Wilk adds, "It’s very private—and it’s very walkable.”

Where in Homecrest should you live?

There are no named subsections in Homecrest.

What are housing and pricing like?

Real estate in Homecrest is “very expensive,” Wilk says, “because there’s a very, very limited supply of inventory.”

He notes that according to the Multiple Listing Service, only one single-family house, five two-family houses, 14 co-ops, and 14 condos are on the market.

Overall, most properties in the community are single-family houses, eight of which sold in the last year. Their prices ranged from $1.075 million to $1.950 million, Wilk says, noting that those that are 2,000 square feet or more tend to bring the highest prices. “A private driveway can add $200,000 to $300,000 to the price,” he adds. That's because there aren't a lot of places to park on the street.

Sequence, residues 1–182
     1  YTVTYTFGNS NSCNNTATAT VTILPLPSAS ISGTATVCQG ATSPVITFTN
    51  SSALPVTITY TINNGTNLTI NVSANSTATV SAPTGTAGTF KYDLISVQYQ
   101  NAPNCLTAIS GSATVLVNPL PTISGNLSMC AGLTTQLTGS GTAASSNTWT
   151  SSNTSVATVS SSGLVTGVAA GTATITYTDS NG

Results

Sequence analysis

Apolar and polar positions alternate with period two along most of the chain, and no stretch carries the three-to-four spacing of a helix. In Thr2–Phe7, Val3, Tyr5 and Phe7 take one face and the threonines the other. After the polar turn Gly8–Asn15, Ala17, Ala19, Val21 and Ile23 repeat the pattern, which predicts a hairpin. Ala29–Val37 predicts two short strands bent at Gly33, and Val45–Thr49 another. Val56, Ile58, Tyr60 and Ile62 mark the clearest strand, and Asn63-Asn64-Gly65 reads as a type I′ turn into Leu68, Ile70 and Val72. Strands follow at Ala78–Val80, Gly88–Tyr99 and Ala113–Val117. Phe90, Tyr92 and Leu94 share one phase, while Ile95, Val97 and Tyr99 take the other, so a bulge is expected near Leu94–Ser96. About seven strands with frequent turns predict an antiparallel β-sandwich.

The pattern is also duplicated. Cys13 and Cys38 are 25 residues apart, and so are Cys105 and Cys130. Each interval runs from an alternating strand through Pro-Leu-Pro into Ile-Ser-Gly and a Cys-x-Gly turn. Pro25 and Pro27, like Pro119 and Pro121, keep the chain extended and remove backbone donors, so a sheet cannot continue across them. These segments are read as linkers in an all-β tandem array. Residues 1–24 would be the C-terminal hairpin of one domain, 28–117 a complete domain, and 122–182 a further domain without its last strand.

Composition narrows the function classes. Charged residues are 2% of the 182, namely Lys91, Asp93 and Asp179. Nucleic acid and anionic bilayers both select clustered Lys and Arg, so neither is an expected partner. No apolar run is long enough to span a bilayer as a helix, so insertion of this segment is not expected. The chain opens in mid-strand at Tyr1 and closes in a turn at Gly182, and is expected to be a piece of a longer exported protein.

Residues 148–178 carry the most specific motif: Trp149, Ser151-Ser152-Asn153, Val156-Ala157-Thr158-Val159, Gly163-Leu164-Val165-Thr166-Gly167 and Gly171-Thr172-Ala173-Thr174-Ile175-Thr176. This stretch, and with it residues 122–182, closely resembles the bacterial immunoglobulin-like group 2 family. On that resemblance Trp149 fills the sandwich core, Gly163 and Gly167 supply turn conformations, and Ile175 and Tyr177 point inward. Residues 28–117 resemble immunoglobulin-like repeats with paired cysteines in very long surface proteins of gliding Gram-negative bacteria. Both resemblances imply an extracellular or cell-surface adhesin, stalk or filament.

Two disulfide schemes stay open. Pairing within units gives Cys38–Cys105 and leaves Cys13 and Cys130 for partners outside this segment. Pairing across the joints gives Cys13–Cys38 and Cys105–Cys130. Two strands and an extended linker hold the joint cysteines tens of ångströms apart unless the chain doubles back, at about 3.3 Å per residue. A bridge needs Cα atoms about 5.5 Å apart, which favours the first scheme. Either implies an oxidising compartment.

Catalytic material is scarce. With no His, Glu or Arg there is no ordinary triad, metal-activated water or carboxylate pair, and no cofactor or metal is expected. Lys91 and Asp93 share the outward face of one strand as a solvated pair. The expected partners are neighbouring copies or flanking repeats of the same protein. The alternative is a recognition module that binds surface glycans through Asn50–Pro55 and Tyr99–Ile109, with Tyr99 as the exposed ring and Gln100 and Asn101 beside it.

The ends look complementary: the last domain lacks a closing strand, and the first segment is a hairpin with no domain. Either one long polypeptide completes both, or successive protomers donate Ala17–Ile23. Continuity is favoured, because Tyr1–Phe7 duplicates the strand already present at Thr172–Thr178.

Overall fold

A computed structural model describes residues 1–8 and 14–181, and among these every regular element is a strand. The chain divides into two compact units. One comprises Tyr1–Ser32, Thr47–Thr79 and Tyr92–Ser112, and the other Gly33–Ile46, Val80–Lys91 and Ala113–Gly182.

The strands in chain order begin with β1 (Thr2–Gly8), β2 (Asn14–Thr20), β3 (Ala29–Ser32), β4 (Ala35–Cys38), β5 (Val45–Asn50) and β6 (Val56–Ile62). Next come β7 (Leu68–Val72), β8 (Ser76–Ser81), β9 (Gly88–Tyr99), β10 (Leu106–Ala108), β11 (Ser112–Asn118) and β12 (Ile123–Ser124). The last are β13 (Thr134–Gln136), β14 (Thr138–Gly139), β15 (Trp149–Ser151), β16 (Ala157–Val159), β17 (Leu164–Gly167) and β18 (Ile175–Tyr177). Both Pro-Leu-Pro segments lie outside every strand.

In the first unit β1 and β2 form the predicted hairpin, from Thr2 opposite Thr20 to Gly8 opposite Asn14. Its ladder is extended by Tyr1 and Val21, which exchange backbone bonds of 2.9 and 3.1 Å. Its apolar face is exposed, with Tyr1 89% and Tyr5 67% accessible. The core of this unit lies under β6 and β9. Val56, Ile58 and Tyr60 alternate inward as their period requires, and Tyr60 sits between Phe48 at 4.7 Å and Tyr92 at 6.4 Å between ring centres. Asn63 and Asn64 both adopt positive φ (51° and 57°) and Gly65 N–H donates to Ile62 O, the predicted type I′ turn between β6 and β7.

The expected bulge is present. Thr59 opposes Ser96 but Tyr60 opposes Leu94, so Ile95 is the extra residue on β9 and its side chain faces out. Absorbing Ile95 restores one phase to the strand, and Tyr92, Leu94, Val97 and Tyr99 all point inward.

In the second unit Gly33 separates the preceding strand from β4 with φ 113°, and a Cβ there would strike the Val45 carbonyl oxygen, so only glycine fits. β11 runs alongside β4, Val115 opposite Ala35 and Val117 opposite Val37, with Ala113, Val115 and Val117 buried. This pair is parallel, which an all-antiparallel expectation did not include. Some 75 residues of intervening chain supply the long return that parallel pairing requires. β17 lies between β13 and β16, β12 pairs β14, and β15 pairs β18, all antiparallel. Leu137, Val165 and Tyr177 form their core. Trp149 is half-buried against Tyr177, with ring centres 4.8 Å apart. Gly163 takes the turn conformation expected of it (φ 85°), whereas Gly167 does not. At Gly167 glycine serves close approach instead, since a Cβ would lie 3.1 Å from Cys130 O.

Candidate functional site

Condos typically sell for $400,000 to $1.5 million and co-ops range from $300,000 to $550,000. “The prices depend on the size, the building, and amenities such as balconies,” Wilk says. “Again, because of the parking situation, the post-war buildings with garages bring higher prices.”

Rentals, in apartment buildings or multi-family houses, average $2,000 for a one-bedroom unit, $2,300 for a two bedroom, and $2,800 to $3,000 for a three bedroom, Wilk says. “For new apartment buildings, you can add $500 to all the prices."

Is there a lot of new development?

Other than renovations of individual single-family houses, not much new residential development is happening in Homecrest. 

What’s the transportation situation?

In addition to the B and Q trains, the B3, B7, B36, B49, B68, B82, and B82 SBS bus lines run through the community.